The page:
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Turning CO2 into rock under the ocean in B.C.

Cascadia Basin off coast of B.C. has huge sequestration potential
Open Ocean Networks, an initiative of the University of Victoria, is funded by the federal government and is responsible for monitoring the ocean off the coast of B.C.

One of the challenges with carbon capture and sequestration is that once you’ve captured the CO2, you need a place to put it – permanently.

Researchers with Ocean Networks Canada are floating an ambitious negative emissions plan, called Solid Carbon, that would use renewable energy, direct air carbon capture and traditional oil drilling technology to permanently store captured CO2 deep under the ocean floor in the Cascadia Basin about 300 kilometres off the coast of Vancouver Island.

Open Ocean Networks, an initiative of the University of Victoria, is funded by the federal government and is responsible for monitoring the ocean off the coast of B.C.

A recent milestone in the Solid Carbon project was reached with the publication of a study by University of Calgary scientists that demonstrates the porous basalt in the Cascadia Basin is ideal for CO2 sequestration, because any CO2 pumped into the basalt would be permanently sequestered.

“Through their modeling, they documented that, within a couple of decades, the CO2 would become rock and then there would be no need to monitor,” said Ocean Networks Canada president Kate Moran.

Starting in 2025 or 2026, Moran said the Solid Carbon project wants to start a demonstration project, with a trial injection of CO2.

The site 300 kilometres off the coast of Vancouver Island was chosen, Moran said, because “it’s the best characterized basalt location on the planet.”

The ultimate goal of the project is building a floating direct air capture system that would be powered by wind and solar power to capture and sequester CO2 from the air. But she said the basin could also be used by industry that wants to do carbon capture but which has no access to geological sequestration.

“If we have our completion installed and we have demonstrated the injection, we would obviously be using the basin for sequestering whatever CO2 needs to be sequestered,” Moran said.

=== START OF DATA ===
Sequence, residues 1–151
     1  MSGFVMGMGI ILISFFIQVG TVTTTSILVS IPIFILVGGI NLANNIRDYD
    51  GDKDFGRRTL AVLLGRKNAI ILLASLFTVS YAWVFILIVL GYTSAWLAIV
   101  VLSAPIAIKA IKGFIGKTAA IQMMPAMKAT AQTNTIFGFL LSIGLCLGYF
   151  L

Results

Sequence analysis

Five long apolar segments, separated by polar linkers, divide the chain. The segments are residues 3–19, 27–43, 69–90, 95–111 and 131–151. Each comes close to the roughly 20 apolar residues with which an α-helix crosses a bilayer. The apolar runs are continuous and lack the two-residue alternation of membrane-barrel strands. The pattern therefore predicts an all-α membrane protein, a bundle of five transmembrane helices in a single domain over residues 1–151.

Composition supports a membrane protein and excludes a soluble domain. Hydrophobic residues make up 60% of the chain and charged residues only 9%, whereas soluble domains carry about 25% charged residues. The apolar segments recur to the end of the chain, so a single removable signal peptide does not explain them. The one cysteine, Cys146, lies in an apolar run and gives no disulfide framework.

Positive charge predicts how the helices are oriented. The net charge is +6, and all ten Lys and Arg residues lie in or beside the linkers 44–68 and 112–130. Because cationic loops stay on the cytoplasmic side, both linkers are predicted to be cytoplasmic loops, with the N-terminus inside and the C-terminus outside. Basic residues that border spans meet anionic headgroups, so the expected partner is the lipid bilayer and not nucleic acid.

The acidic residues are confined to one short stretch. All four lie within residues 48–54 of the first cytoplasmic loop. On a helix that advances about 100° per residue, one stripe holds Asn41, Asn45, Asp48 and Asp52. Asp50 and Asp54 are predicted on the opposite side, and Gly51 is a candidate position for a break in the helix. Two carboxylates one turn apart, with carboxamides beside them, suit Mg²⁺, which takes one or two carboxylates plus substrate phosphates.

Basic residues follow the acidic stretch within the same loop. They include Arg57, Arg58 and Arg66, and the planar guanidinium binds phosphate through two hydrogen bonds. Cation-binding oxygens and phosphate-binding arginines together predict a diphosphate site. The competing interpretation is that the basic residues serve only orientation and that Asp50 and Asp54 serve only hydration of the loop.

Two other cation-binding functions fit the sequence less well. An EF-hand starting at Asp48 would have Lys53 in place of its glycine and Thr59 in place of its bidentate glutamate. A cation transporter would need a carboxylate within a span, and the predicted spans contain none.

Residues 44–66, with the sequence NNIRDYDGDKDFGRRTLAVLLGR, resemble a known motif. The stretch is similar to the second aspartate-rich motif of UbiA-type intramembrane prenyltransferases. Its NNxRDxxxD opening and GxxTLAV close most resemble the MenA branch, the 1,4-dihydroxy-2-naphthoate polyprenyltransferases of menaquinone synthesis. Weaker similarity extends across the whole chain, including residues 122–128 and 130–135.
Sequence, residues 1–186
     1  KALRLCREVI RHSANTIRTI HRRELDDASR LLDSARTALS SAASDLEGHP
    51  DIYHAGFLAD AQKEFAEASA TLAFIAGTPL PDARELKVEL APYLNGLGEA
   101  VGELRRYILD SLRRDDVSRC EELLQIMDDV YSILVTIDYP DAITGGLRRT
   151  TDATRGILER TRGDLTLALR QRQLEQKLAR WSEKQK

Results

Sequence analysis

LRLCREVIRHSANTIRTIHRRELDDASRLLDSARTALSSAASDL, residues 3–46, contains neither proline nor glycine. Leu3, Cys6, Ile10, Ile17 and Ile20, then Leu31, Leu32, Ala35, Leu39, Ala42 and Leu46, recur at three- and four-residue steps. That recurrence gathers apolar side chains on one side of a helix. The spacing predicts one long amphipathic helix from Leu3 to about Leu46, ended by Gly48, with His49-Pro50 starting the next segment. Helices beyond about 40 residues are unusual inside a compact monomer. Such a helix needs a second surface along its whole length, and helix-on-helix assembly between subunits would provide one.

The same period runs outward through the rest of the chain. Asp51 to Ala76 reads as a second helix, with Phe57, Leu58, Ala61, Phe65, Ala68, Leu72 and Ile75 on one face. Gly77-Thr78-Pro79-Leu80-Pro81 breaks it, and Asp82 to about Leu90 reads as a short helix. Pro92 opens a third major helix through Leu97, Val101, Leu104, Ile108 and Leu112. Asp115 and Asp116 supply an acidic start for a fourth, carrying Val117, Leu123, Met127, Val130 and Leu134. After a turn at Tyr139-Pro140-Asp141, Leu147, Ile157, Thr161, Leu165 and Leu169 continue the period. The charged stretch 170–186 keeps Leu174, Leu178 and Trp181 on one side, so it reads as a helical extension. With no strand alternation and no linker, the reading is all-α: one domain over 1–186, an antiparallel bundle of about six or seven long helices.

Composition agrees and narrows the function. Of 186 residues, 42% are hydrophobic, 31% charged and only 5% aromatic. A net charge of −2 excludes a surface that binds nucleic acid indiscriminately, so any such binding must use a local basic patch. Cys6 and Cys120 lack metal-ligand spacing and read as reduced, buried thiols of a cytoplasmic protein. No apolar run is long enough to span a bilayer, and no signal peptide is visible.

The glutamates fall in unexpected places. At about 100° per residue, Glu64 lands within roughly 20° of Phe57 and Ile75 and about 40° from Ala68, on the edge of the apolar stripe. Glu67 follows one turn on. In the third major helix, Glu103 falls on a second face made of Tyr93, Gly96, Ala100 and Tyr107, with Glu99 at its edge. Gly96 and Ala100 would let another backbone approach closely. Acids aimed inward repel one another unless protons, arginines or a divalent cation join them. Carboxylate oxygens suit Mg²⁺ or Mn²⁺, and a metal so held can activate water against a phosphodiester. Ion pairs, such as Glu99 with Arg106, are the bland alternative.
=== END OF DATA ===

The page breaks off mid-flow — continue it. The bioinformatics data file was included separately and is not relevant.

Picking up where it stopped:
All of the technology needed for Solid Carbon’s negative emissions project are available. The one thing missing right now is a value proposition.

Direct air carbon capture is currently prohibitively expensive – costing anywhere from $232 to $600 per tonne. That’s why B.C.'s Carbon Engineering has been developing a use for captured CO2 – making carbon neutral jet fuel. Without an end use for captured CO2, capturing and sequestering is strictly an expense.

Moran said the project would probably need some significant government funding to get it off the ground. And to make it viable, the cost of direct air capture will have to come down and carbon taxes will have to keep going up.

“Our goal is to get the price down to the price of carbon that Canada has committed to by 2030, which $170 per tonne,” Moran said.

She added the 45Q incentive in the U.S. is intended to spur investments in CCS and it doesn’t matter where the CO2 is sequestered, so its possible a credit scheme could evolve that would help fund negative emissions projects like the Solid Carbon project.

Once an injection system was in place, Moran said the project could start with 500,000 tonnes of CO2 per year per, with the potential to scale up to 20 billion tonnes per year by 2100.